The answer of course, is preserving food. Preserving food is simple in theory, harder in practice. When most people think of preserving food, they think of canning and drying food and just shut down. Although neither of these methods are hard to master, they are less daunting when doing them with someone who has experience. But, even someone who can’t boil water can freeze something. Take a look at the Top 5 below and think about the amount of freezer space (really, how many old kinds of ice cream do you need on hand?) and the amount of time and pick one thing to preserve this year. I promise, if you do it, you’ll feel like a rock star. You might even start shopping for an energy efficient chest freezer! Instructions for how I freeze all produce below is at the bottom:
1. Blueberries: Right when school lets out and into July, blueberries are in season. There are a bunch of U-pick places (and even a fabulous free place by Grafton), we usually pick at Indian Ladder. It’s a fantastic family outing and as a parent, nothing is more satisfying than making your children work for their food. Remember that at least one quart should be for family consumption, but if you aim to have each older child pick their own quart and you pick two, you’ll have a good start. Do this twice and you’ll be silly with blueberries for the season. You can make muffins, snack on them, make pies, toss them in salads, they are delicious, local, and good for you.
2. Corn: This is my favorite thing to freeze because freezing your own is so much better than what you buy in the freezer section. My frozen corn tastes like summer corn and is so delicious in just about everything. I continually freeze the corn through the summer, I always buy a dozen ears of corn from the farmer’s market. The ones we don’t use, I cut the kernels off the cob and then do the preserving method below. If you are a big soup maker and have the space, I’d recommend hanging onto the cobs as well, toss them in the bottom of the soup pot and the winter soups will have an amazing sweet corn taste. Now, you can easily toss handfuls of corn in soups, stir frys, or even just cook it to serve as a side. It’s local, delicious, and again, good for you.
3. Broccoli: Awful confession. I began preserving broccoli because I can’t seem to use a whole bunch without it going bad. But, it’s led to an easy stir fry and omlette companion. Buy your broccoli at the farm stand, chop it up, freeze what you don’t use. My kids prefer fresh broccoli so I haven’t been able to switch us completely off of buying it year round, but having those bags of broccoli has made weeknight dinners easier to make and easier on my conscience.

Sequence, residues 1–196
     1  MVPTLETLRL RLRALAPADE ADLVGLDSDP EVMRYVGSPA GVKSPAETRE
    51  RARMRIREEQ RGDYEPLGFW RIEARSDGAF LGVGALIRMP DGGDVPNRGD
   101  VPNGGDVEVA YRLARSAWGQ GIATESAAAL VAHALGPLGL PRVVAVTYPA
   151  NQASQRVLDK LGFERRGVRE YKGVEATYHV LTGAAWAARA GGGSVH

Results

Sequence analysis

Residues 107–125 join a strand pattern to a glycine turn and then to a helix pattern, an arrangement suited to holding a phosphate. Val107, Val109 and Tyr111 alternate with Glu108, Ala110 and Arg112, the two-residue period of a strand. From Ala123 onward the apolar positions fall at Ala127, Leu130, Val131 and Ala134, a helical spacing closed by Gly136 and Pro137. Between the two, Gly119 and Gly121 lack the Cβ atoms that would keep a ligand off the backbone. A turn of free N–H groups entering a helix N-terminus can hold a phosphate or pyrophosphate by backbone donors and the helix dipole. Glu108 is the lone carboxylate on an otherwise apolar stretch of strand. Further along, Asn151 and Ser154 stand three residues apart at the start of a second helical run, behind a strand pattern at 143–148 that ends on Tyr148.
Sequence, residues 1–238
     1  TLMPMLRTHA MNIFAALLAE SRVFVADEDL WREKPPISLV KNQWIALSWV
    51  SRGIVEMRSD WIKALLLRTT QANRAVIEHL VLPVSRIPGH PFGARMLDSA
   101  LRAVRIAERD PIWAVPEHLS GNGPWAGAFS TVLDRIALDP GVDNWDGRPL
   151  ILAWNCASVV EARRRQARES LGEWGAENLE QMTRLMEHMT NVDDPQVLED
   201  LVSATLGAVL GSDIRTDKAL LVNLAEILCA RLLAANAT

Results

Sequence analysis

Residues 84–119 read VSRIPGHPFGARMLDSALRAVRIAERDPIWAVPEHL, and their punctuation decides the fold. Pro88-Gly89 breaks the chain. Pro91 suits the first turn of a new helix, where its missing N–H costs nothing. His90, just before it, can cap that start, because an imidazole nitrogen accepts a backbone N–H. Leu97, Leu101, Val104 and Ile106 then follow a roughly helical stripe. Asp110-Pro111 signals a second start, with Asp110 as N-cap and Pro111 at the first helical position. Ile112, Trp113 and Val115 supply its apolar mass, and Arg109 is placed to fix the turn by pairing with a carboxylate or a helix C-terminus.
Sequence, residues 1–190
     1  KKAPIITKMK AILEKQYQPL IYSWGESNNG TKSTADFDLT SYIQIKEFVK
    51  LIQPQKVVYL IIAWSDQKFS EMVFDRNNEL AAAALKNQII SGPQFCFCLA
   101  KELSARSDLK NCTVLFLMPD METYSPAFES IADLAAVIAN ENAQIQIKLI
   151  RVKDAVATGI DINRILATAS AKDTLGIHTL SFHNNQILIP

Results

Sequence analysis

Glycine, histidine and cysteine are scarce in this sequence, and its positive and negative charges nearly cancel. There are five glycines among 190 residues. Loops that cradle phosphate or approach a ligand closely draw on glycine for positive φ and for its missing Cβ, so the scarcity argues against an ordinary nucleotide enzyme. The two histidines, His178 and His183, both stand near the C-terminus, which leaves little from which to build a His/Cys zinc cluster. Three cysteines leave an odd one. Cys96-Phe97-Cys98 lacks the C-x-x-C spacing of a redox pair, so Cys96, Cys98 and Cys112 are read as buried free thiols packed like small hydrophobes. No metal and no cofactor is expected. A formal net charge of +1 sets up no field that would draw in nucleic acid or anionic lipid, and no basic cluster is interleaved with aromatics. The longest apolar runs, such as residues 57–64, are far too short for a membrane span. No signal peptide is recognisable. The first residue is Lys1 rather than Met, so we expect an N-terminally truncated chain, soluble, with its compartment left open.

4. Spinach: I buy this when in season in the early summer and late summer from the farmers market. The thing I love about preserving spinach is that when cooking, it’s so much easier to use frozen than fresh. I am a very lazy spinach preserver as well. Yes, it’s best to pick all those stems out, but I’d rather just get it done and swear at myself later. I just wash the spinach off, spin it, toss it in the gallon sized bag and freeze it. When I want to use it, I slice off chunks and toss them in whatever I’m cooking. Spinach sneaks its way into most things I make this way because of its ease.
5. Meat: Okay, I warmed you up with the above. But if your family eats meat, you should consider buying it in bulk. We got a portion of a grass fed cow and it’s really fantastic. I’m not a meat eater myself so I can’t speak to the taste, but the ease of having a freezer full of healthier options makes life so much better. There are many places locally to get grass fed meats, and it’s well worth looking into.
Some other ideas: beans: just cap them and freeze like below, peppers: chop them first, onions: chop then freeze, garlic scape pesto or basil pesto: don’t add the cheese and roll it into logs to slice off the needed pesto, tomatoes: I prefer to can mine, but I know some who peel and seed their tomatoes and then freeze them for winter sauces. Feeling adventurous? Make a bunch of breaded Eggplant (pictured) and freeze for year round easy dinners.
Remember, start small! Pick one thing above and decide that is the produce or fruit you want to try out preserving this year. If you do get heavily into freezing, I’d recommend a small dry erase board to keep track of things, you think you will remember what’s in there, but you won’t and really, you do have better things to keep track of in your life.
How to freeze: Please note that I never parboil any of my frozen veggies. I freeze them raw, and I find they taste a million times better (especially the corn) because of that. Make sure your produce is washed, if necessary. If your produce is wet or is juicy like corn, line the cookie sheet with waxed paper and if you are going to stack cookie sheets, put some waxed paper over your produce as well. Allow to freeze and then fill up a gallon sized bag. I prefer the ease of the gallon sized bag because I can get in and out of the bag easily and it’s a uniform size for stacking. Some people love the vacuum sealers, which definitely would keep the food fresher. Do whatever works for you. The most important step is actually doing it every year, so figure out a process that is easiest for you. The food won’t care one way or another.